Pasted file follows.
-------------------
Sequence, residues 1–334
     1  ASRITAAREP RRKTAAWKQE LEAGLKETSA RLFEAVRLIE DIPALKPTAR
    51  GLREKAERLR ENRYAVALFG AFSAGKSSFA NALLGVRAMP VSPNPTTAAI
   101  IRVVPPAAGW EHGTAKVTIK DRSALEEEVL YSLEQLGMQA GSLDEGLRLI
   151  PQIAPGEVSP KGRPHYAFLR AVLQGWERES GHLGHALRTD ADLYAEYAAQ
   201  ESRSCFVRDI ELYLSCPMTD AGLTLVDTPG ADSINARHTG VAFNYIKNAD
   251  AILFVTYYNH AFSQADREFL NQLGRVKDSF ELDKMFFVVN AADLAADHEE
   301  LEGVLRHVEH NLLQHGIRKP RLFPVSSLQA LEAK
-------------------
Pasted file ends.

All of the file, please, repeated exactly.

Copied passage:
Sequence, residues 1–334
     1  ASRITAAREP RRKTAAWKQE LEAGLKETSA RLFEAVRLIE DIPALKPTAR
    51  GLREKAERLR ENRYAVALFG AFSAGKSSFA NALLGVRAMP VSPNPTTAAI
   101  IRVVPPAAGW EHGTAKVTIK DRSALEEEVL YSLEQLGMQA GSLDEGLRLI
   151  PQIAPGEVSP KGRPHYAFLR AVLQGWERES GHLGHALRTD ADLYAEYAAQ
   201  ESRSCFVRDI ELYLSCPMTD AGLTLVDTPG ADSINARHTG VAFNYIKNAD
   251  AILFVTYYNH AFSQADREFL NQLGRVKDSF ELDKMFFVVN AADLAADHEE
   301  LEGVLRHVEH NLLQHGIRKP RLFPVSSLQA LEAK